All numbers (5, –8, 3.75), letters (a, b, Z), symbols ($, &, #), and program instructions are represented inside the computer as sequences of 1s and 0s. A group of eight bits is called a byte. The size of the memory is measured in kilobytes KB), megabytes (MB), or gigabytes (GB). One kilobyte (written as 1K) is 1024 bytes. One megabyte (written 1M) is about one million bytes, and one gigabyte (written 1G) is about a billion bytes.

The American Standard Code for Information Interchange (ASCII, pronounced as-kee) is a popular standard for encoding text into bytes. With this standard, the letter A, for example, is encoded as 01000001, the letter d as 01100100, the left opening brace { as 01111011, and so on. As a programmer, you don’t need to worry about these encodings or how a number like 3.75 would be stored in memory (sigh of relief). When the CPU executes an instruction, it understands the meaning of these 1s and 0s, and it knows what to do.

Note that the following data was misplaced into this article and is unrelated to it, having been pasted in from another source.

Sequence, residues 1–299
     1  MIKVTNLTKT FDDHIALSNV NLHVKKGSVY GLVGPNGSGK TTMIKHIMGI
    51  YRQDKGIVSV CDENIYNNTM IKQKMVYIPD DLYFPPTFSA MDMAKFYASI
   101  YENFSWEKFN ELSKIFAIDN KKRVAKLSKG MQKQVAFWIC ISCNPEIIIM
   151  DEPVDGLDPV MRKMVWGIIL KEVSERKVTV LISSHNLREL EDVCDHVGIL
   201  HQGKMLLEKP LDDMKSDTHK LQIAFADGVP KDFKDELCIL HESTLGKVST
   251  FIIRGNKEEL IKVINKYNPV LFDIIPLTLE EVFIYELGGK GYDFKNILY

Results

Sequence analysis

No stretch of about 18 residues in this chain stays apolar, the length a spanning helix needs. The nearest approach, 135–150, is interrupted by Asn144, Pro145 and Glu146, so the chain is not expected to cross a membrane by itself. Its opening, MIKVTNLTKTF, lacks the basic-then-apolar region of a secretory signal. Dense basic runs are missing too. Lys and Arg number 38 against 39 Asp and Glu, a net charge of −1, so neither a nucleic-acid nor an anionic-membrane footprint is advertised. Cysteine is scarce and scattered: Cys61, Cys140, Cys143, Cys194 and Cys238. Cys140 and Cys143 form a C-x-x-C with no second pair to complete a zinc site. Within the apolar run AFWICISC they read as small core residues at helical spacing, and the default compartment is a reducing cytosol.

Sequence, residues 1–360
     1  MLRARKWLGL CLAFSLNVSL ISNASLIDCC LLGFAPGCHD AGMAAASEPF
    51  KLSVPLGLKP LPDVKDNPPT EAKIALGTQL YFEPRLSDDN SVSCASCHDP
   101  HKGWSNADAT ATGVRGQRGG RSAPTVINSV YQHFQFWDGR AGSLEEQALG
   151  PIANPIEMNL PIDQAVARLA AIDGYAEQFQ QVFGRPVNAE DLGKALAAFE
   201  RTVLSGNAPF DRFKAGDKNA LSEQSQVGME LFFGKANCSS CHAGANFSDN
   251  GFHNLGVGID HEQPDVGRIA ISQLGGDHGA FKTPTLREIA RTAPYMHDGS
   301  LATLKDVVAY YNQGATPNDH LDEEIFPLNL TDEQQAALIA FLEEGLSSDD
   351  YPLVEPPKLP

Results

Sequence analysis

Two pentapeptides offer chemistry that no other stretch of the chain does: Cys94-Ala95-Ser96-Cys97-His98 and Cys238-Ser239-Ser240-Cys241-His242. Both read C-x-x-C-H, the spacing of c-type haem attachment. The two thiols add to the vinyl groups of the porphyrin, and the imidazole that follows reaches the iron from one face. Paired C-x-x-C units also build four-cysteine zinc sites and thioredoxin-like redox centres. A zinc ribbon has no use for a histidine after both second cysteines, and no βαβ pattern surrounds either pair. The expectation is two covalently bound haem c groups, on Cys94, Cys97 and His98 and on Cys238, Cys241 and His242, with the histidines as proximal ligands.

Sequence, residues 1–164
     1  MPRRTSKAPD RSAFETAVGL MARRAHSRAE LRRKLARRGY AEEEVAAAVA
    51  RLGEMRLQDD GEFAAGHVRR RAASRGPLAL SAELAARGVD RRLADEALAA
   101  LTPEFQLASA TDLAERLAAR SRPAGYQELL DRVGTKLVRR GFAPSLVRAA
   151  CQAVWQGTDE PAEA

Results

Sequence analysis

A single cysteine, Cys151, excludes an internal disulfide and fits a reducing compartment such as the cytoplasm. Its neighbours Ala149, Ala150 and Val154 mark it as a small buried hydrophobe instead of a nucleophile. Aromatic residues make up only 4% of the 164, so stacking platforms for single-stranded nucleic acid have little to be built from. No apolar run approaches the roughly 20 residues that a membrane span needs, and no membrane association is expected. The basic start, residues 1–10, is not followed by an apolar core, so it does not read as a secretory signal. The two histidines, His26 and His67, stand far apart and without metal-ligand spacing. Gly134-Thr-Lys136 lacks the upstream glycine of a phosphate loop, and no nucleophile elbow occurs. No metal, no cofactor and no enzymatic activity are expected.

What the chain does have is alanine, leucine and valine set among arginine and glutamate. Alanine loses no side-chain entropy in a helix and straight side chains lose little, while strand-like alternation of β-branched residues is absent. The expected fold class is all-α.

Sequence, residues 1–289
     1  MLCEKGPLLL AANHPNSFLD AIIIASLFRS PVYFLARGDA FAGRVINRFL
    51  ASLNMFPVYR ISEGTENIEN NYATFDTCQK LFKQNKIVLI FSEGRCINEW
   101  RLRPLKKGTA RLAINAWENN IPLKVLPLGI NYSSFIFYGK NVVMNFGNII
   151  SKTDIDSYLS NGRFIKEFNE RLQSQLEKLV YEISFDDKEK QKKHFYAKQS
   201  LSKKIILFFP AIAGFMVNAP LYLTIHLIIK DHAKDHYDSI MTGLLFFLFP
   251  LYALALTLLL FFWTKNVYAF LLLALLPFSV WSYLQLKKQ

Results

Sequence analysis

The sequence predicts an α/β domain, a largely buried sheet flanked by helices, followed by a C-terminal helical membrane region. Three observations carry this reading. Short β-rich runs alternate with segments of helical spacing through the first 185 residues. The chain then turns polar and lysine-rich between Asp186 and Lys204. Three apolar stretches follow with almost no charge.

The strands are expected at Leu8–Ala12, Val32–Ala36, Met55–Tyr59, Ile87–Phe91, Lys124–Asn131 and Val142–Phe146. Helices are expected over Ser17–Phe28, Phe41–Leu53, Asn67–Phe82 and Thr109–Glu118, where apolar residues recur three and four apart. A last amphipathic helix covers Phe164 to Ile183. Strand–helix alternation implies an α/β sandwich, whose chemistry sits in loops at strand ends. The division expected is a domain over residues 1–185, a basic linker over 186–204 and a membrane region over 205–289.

Storage Devices

As we mentioned, the data stored in RAM is lost when the computer’s switched off, like if you’re typing in a Word file, but you never save the file (remember the random paper you can’t find… it’s only temporarily useful). The applications that you run on your computer (like Word, PowerPoint, Excel, or a Web browser) are stored on permanent storage devices, like hard disks, compact disks (CDs), digital video disks (DVDs), USB flash drives, a cloud-based server farm, and so on. The data saved on these storage devices aren’t lost when the computer’s power is switched off. For example, when you double-click on the Microsoft Word icon on your desktop, the 1s and 0s that make that program are copied to RAM and are ready for you to put them to work! Likewise, if you save a Word file, you’re moving the data from your RAM and saving it into a storage device.

Input and Output Devices